Chinese oil workers killed in Sudan (Updated II)
rahul | October 27, 2008 at 06:35 pmby
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As China condemned the killing of its CNPC oil workers as an inhumane terrorist act, the Justice and Equality Movement denied any responsibility in their captivity and death.
UPDATES: China has condemned the killing of five kidnapped Chinese oil workers in Sudan as an "inhumane terrorist" act. It indicated, however, that its involvement in Sudan would not change...Jiang Yu, Chinese foreign ministry spokeswoman, said on Tuesday: "We express strong indignation and condemnation for the inhumane terrorist deed of the kidnappers in killing these unarmed workers." But the Darfur group accused by Sudan of abducting and killing Chinese oil workers has denied any responsibility. Sudan's government said abductors who identified themselves as the Justice and Equality Movement kidnapped nine workers from the state-owned China National Petroleum Corporation (CNPC). "Does JEM have or did JEM do it? The answer is no," Tahir el-Faki, the London-based chairman of the JEM's legislative assembly, said. "We don't kidnap. We don't take hostages. JEM has nothing to do with it." "We have forces in the region, we have the support of the people there. Some of the Messeria people are affiliated to us. Some of them may take actions but not in the name of JEM," Faki said. Gibril Ibrahim Mohamed, an adviser to JEM leader Khalil Ibrahim, also denied any responsibility.
BEIJING (AP) - The execution-style killing of five Chinese oil workers in Sudan is a reminder of the costs of China's search for raw materials and its increasing need to protect its citizens as it extends its reach on the world stage, analysts said Tuesday. The kidnappers of nine Chinese oil workers killed five of them Monday, according to Sudanese Foreign Ministry spokesman Ali Sadiq. He said two of the workers managed to escape, while two remained in captivity. «The incident rings the safety alarm bell for Chinese investing overseas,» said Shu Yunguo, director of the Africa Research Center at Shanghai Normal University. While Shu said the killings would not deter China from its involvement in Sudan, or affect bilateral relations, it does show the need to protect Chinese workers in dangerous parts of the world. That has become an increasing challenge for China as it extends its search for raw materials across dangerous parts of the world, said David Zweig, director of the Center on China's Transnational Relations at Hong Kong University of Science and Technology.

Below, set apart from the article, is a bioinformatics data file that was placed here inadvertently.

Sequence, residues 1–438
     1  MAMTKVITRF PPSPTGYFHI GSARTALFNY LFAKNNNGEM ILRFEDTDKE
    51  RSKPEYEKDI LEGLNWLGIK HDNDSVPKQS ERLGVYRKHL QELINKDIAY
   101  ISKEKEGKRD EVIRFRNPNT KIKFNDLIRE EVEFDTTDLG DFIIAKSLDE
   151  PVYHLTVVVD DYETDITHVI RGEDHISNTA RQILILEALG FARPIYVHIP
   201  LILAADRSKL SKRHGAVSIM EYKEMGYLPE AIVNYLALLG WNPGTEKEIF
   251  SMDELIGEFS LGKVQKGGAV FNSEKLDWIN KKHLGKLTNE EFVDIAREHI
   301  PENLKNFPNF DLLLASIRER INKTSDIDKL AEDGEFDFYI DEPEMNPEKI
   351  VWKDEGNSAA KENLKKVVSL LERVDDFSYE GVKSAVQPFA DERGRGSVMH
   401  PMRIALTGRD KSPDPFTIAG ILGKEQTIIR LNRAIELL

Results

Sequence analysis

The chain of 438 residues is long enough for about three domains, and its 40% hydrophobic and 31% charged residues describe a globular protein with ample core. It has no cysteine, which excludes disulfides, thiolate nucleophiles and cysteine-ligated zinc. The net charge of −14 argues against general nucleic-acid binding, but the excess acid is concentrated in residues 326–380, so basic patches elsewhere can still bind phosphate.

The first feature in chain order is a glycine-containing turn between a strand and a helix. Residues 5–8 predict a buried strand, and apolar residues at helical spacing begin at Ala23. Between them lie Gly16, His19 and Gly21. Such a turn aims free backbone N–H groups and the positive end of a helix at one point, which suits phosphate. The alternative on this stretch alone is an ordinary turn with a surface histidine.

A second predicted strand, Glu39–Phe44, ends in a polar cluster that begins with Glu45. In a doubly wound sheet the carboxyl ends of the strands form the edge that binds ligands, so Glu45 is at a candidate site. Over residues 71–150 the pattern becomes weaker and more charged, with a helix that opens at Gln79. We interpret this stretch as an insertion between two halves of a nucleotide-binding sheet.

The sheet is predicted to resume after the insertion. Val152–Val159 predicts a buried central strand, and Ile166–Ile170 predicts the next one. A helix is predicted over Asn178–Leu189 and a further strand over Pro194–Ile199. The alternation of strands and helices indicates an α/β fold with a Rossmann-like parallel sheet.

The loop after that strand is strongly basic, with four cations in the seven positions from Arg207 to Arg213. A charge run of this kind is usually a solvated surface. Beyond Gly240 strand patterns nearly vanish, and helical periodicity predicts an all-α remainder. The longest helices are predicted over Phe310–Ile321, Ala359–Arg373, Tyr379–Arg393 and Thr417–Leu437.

By Matthew Green in Dakar. Published: October 27 2008 22:44 | Last updated: October 27 2008 22:44 Five Chinese oil workers taken hostage in Sudan have been killed by their captors in one of the worst losses China has suffered since it began pouring billions of dollars into its quest for African resources. The five belonged to a group of nine Chinese oilmen and two Sudanese seized on October 19 near a region bordering Darfur, where rebels fighting the government in Khartoum have previously attacked Chinese oil installations. Five were murdered. Two were able to escape with minor injuries,” Ali al-Sadig, a spokesman for Sudan’s foreign ministry, told Reuters. He said two other Chinese were still with their abductors. It was unclear who was behind the kidnapping, although Sudan’s government has blamed a rebel faction from Darfur. Diplomats in Khartoum have speculated that local militiamen in Kordofan, the region where the incident took place, may be responsible. In May, four Indian oil workers and their drivers were seized by gunmen in the area and were either released or escaped. The murders – if confirmed – are an embarrassment for Sudan’s government, which said last week that security forces had launched a rescue attempt. The episode also underlines the dilemma China’s state-owned mining and oil companies face as they increase their pursuit of minerals in some of the most volatile parts of Africa to feed new factories and fleets of cars at home. On the one hand, China’s adventurous strategy has secured concessions in parts of the continent where conflict has deterred more squeamish Western competitors. But, as the case of Sudan shows, China can end up paying a price in both prestige and lives. China, the biggest foreign investor in Sudan, led the development of Sudan’s oil industry during the 1990s, when civil war raging near oilfields in the south of the country barred most Western companies. Human rights groups accused Chinese oil companies of complicity in the “scorched earth” policy used by the government to clear villagers from near well-heads. More recently, China has faced criticism from campaigners who say its support of the government of Omar al-Bashir, the president, is prolonging the five-year-old conflict in Darfur. In response, Beijing says it has sought to use its diplomatic weight to bolster efforts to end the crisis. Darfur rebels attacked Chinese-run oilfields twice last year. With most of sub-Saharan Africa’s proven oil reserves under the control of national oil companies and Western majors, analysts say China will be increasingly forced to venture into some of the remotest, and most dangerous, areas in its search for new finds. Last year, nine Chinese oil workers and dozens of Ethiopians were killed when rebels raided an oil installation in Ethiopia, near the border with Somalia. The Chinese hostages snatched in Sudan were taken near a small field where they were doing contract work for the Greater Nile Petroleum Operating Company, a consortium led by the China National Petroleum Company, that also includes India’s ONGC, Malaysia’s Petronas and Sudan’s state-owned Sudapet. China imports some 60 per cent of Sudan’s oil exports of about 500,000 b/d
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